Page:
Quinceañera OverviewThe Quinceanera, or sweet fifteenth birthday is a very special day in the life of many Hispanic girls. Celebrated in Mexico, Puerto Rica, Cuba, Central and Southern America, many families of Hispanic heritage also observe Quinceaneras in the United States. And, while traditions vary according to family tradition, what remains at the heart of every fiesta Quinceanera is the celebration of a girl as she marks an important milestone: passing from childhood to adulthood.
Steeped in religion, for most Quinceaneras -- here and abroad -- their special fifteenth birthday starts with a religious ceremony (the misa de acción de gracias) and then followed by a reception at a family member’s home or special venue. At the mass, the Quinceanera is accompanied by up to fourteen maids (representing her fourteen years) and their fourteen escorts. Then, sat at the foot of the alter for the entire service, the mass gives the Quinceanera the opportunity to give thanks and lay flowers at the feet of the Virgin Mary. After the ceremony, female cousins and sisters distribute special favors to the congregation before the entire party heads off to celebrate with food, music and dancing.
At the heart of every Quinceanera’s fairytale day is a special dress. Traditionally an intricate design in bright or pastel colors, every Quinceanera spends a great deal of time and effort selecting the picture-perfect ball gown for her big day. In fact, with many dresses looking like elaborate wedding gowns themselves, a Quinceanera celebration can often seem like a dress rehearsal for a wedding! Yet, instead of affirming a commitment to a new husband, every Quinceanera reaffirms her devotion and commitment to her family. As for her footwear, most Quinceaneras start the day wearing flat shoes, symbolically switching them out for heels for the first dance with her father.
The original Quinceañera celebrations were important for ancient Aztecs and Mayans, dating back hundreds of years. As the tradition spread, Catholic Latinos added their own religious elements to the celebration. Many Quinceañeras celebrated in the US today begin with a special Thanksgiving Mass, known as La Misa de Acción de Gracias. The birthday girl is often given a seat of honor near the altar, and her Quinceañera court joins her. This court is similar to bridesmaids and groomsmen in a wedding, but the girls are called either “maids” or “dama”, and the boys are called “chamberlains” or “chambelán”. Usually there are seven maids, and seven chamberlains that serve as their escorts. The Quinceañera and her escort form the fifteenth couple.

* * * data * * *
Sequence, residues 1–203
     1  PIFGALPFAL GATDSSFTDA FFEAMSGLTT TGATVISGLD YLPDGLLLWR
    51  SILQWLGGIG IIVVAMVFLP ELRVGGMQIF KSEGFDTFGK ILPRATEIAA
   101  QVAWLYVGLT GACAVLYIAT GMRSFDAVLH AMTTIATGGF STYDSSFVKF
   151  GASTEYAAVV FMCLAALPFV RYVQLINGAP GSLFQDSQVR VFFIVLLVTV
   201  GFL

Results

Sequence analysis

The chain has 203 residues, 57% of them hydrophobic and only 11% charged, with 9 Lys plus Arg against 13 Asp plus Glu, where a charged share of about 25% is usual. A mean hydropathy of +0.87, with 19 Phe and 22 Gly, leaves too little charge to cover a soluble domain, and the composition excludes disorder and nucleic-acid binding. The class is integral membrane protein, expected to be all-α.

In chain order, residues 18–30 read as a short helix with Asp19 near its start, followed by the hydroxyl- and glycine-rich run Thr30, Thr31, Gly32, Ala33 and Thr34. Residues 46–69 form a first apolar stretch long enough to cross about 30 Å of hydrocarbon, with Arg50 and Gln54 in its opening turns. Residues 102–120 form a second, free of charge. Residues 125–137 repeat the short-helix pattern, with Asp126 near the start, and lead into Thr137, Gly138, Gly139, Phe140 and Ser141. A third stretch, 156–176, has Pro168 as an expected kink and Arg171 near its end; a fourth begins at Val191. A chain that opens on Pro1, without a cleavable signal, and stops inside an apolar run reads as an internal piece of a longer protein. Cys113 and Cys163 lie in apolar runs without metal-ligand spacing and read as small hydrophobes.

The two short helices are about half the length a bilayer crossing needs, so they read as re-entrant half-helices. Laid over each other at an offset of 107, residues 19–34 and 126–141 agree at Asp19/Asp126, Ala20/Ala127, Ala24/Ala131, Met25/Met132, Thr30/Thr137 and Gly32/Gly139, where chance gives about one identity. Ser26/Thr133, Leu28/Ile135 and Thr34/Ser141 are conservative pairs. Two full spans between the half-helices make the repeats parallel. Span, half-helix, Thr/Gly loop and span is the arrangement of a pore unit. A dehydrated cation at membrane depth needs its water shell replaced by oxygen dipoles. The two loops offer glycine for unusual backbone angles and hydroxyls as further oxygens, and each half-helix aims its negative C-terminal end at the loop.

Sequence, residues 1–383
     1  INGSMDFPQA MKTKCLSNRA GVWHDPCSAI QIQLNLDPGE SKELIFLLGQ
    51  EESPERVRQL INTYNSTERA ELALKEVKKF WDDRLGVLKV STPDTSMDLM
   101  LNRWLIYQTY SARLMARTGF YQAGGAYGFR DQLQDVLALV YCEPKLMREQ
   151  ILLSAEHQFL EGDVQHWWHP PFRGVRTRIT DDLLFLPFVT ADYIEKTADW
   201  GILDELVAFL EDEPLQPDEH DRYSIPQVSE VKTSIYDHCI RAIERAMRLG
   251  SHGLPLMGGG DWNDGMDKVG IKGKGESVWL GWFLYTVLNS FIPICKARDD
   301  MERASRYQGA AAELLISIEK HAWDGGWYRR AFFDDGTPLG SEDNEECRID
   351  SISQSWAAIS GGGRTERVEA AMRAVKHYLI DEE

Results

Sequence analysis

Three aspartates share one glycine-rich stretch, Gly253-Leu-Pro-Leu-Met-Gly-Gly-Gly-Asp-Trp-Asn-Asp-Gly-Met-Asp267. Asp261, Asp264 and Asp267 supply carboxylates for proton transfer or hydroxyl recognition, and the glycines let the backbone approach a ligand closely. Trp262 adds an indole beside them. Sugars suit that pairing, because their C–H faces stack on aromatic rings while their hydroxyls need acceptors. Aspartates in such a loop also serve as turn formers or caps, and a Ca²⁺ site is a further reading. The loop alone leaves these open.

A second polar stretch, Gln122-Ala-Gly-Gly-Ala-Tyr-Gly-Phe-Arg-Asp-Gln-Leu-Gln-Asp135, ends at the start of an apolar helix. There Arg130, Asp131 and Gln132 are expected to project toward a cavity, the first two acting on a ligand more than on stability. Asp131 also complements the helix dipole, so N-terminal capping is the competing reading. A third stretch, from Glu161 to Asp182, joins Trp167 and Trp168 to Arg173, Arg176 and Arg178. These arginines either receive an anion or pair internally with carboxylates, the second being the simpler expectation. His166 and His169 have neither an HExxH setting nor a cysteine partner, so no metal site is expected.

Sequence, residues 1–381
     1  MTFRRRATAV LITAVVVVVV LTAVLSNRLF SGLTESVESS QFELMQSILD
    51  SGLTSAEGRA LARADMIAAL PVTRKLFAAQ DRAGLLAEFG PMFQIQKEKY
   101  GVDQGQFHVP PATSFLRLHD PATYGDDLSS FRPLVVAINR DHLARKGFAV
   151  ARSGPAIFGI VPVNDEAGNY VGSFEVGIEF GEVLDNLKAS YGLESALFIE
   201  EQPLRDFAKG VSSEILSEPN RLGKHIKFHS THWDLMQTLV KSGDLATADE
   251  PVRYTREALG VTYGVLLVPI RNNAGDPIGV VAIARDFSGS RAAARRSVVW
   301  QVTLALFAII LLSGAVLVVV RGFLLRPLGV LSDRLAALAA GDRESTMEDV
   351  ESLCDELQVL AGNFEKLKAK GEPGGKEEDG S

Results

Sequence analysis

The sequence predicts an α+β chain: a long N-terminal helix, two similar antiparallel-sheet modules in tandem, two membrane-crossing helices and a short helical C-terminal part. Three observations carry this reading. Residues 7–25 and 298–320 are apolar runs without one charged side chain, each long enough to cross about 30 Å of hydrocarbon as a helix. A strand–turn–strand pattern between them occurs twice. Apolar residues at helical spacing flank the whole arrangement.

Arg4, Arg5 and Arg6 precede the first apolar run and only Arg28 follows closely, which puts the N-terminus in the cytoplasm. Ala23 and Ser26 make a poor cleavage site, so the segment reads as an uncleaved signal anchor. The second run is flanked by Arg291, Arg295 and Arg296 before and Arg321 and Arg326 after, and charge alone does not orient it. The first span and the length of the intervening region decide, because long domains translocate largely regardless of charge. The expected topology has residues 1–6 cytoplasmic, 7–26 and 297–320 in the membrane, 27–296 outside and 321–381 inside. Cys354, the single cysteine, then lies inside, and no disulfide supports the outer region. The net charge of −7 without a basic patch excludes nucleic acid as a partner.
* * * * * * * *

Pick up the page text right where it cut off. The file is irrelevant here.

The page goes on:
Quinceañera Dress & Shoes
The traditional Quinceañera dress is either white or a light pastel color, like pale pink. They look similar to wedding gowns, but without the train that trails behind. The party decorations, cake, and favors should all coordinate with the color and design of the Quinceañera dress. The girl will arrive at her Quinceañera wearing flat shoes, which are ceremoniously exchanged for high feels. This symbolizes how she is taking her first steps as a woman, and leaving her children’s clothing and accessories behind. Usually her father assists with this ceremony, which is similar to when a father gives away his daughter at her wedding. Fathers are an important part of Quinceañera celebrations, as they are presenting their daughters as women for the first time.
The last doll is another tradition in the same style; it represents moving forward into adulthood. The Quinceañera is given a beautiful Quinceañera doll, which might be saved as a keepsake. The passing of the last doll is a custom wherein the Quinceañera gives the doll to a younger sister or cousin. This represents how she has put aside childish things, and is now a grown woman. Some Quinceañeras also feature a last piñata, where the young lady can enjoy this kid’s party game one last time. After these activities, there is a father-daughter dance that celebrates her coming of age. Traditional songs for the Quinceañera waltz include La Ultima Muñeca (The Last Doll), De Niña a Mujer (From a Girl to a Woman) and Vals de las Mariposas (Waltz of the Butterflies).
Gifts for the Quinceañera are an integral part of the festivities; each traditional Quinceañera gift has special symbolism for the young lady. Earrings are given to remind her to listen to God, and a bracelet or ring is gifted to represent the never-ending circle of life. Tiaras can represent the thorn of crowns worn by Jesus on the cross, or the mantle of responsibility that adults must shoulder. In some cases, the tiara represents one simple concept: the Quinceañera is queen for the day! Bibles and rosary prayer beads are also gifted as reminders to stay true to her faith despite the temptations that the adult world offers.
Learn more about the Fifteen Questions on the Quinceañera at the USCCB or get more general information about Quinceañera traditions on Wikipedia.
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